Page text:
NORMAN, Okla. (AP) - Violent storms that tore through the southern Plains killed five people and injured dozens more, leaving behind flattened homes, toppled semitrailers and downed power lines.
Several tornadoes were reported in Oklahoma and Kansas on Monday
as the storms moved through the area, dumping hail as big as baseballs and leaving thousands of people without power.
"The kids and I got in the closet and prayed," said Jamie Keyes, of Norman, an Oklahoma City suburb that is home to the University of Oklahoma. "I heard a hiss. It was like something was whistling very loud."
Oklahoma Department of Emergency Management spokesman Jerry
Lojka said two people were killed in Oklahoma City and three were
killed in Cleveland County, south of the city. Oklahoma City officials said the fatalities there involved a young boy who was hit by debris in his home and a man whose recreational vehicle flipped over on top of him. Details on the Cleveland County deaths weren't immediately available.
Officials reported that at least 58 others were injured - two of
them critically - in a tornado outbreak that forecasters had been
predicting since last week.
In Norman - Cleveland County's largest city with about 106,000
residents - Tim Tegeler checked out the damage to his windows, air
conditioner and fence at his home. Tegeler, his wife, their
daughters and their pet fish had taken shelter in their laundry
room until the storms passed.
"We saw it coming, but the best thing is my family's fine,"
Neighbor Linda Sugg was picking up debris in her front yard.
"You could just hear stuff hitting the house," said Sugg, who
was in her home during the storms.
Near Seminole, about 60 miles east of Oklahoma City, at least
two homes were leveled after a tornado went through, Emergency
Management Director Ernie Willis said. The town's airport suffered
extensive damage and several planes there were destroyed, he said.
The weather was expected to be more settled Tuesday, said
meteorologist Ty Judd with the National Weather Service in Norman.
"There is a chance of thunderstorms later this afternoon,"
Judd said early Tuesday. "We're not looking at what we saw
Judd said a preliminary estimate counted 10 tornado touchdowns
in Oklahoma Monday, but that specific numbers would not be known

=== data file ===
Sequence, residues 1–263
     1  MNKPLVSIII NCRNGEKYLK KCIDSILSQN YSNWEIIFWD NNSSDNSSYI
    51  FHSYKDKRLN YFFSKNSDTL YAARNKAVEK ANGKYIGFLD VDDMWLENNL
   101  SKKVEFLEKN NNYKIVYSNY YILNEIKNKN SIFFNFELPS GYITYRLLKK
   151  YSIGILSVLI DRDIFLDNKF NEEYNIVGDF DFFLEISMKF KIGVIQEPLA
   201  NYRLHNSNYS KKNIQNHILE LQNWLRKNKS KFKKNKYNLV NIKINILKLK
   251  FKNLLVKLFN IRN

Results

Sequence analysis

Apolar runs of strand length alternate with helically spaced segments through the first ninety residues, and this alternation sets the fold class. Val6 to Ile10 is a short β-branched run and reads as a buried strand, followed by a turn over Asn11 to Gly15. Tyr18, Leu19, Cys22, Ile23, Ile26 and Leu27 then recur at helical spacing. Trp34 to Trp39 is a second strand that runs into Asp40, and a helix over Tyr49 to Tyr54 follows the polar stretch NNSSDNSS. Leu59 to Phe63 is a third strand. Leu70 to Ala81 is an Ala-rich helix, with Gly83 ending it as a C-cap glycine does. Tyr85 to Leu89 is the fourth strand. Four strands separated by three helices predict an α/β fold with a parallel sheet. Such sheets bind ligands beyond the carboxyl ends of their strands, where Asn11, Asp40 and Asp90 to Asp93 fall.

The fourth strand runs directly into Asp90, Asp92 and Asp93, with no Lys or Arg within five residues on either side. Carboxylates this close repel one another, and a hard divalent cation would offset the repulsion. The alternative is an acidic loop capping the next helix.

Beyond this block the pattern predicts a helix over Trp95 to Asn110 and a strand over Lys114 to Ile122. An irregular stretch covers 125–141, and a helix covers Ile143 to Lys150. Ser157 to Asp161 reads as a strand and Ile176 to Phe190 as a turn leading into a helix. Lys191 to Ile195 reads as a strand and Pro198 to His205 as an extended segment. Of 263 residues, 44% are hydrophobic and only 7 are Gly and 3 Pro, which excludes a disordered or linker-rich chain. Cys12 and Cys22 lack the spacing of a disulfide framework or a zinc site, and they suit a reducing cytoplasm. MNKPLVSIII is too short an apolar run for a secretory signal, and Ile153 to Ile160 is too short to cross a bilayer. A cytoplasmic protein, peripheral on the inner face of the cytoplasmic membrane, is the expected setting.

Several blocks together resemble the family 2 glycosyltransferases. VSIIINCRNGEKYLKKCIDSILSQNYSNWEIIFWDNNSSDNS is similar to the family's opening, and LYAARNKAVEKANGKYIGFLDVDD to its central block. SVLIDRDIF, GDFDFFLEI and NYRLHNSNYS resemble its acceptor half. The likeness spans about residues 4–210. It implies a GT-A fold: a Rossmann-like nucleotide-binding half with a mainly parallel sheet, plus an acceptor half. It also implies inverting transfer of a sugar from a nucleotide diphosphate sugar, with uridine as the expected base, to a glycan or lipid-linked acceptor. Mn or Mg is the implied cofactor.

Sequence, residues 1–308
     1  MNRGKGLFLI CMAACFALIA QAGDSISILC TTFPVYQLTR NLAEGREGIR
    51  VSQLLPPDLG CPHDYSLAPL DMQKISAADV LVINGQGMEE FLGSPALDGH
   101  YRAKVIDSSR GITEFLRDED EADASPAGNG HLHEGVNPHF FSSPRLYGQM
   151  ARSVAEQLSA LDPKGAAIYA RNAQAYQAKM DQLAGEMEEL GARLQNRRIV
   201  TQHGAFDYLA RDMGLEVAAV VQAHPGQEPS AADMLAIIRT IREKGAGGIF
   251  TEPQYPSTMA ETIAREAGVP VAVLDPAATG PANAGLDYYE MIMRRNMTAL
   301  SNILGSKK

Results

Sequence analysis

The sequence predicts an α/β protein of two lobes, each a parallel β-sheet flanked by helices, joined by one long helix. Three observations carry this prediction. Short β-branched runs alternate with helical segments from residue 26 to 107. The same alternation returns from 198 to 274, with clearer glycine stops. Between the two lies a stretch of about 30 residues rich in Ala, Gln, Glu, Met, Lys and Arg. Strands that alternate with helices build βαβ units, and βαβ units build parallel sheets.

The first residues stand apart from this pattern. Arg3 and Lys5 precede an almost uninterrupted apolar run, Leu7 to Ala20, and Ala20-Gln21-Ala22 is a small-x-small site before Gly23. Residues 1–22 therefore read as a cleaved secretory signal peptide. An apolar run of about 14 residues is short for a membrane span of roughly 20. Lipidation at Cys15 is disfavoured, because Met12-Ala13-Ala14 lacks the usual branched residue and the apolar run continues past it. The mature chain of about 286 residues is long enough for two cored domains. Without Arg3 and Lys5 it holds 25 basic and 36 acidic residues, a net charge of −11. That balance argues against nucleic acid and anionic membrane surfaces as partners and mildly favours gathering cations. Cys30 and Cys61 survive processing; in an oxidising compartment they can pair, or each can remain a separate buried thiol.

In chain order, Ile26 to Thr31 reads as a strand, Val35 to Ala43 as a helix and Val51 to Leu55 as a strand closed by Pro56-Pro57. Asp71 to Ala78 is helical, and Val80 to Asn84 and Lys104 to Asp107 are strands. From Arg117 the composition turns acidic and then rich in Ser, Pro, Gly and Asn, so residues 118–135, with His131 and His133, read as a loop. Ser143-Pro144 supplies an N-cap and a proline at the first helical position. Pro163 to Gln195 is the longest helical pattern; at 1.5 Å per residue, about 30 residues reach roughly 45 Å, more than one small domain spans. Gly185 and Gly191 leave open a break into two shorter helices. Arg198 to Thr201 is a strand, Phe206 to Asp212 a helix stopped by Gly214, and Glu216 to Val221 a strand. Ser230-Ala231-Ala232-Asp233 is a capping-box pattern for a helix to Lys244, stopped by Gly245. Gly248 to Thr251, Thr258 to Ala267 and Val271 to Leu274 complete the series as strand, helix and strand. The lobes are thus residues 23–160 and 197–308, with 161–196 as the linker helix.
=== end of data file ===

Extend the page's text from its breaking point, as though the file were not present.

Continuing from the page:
until investigators looked at the damage firsthand, starting later
Oklahoma Gas and Electric reported more than 17,000 customers
remained without power Tuesday morning, down from more than 34,000 late Monday. American Electric Power reported about 1,500 outages, down from more than 2,500.
The Oklahoma Department of Emergency Management said rural
electric cooperatives had about 30,000 outages.
In Kansas, the most serious damage was reported in Belmont.
Several homes were hit in the town east of Topeka and there were
widespread power outages. But no injuries were reported.
Oklahoma City and its suburbs saw three storms develop Monday
afternoon just to the west and each caused damage as they moved
across an area home to 1.2 million people. The northern storm
caused property damage near Edmond; two storms to the south turned
"We've had a very strange event: multiple tornadic portions
with this event as it came through," said David Barnes, the
emergency management director for Oklahoma County. "We have
multiple vehicles overturned, a housing addition has had multiple
In Alfalfa County, Sheriff Charlie Tucker said baseball-sized
hail broke the windshields of numerous cars and damaged homes.
"I came home once to look at my own personal vehicle and the
windshield was all bashed out. The grandchildren's swing set was up
and now it's gone, so there was straight-line winds that came
through," Tucker said.
The Storm Prediction Center at Norman had predicted tornadoes,
saying the atmosphere had the right mix of winds, heat and
moisture. One twister touched down just east of the center's
building on the University of Oklahoma campus.
(Copyright 2010 by The Associated Press. All Rights Reserved.)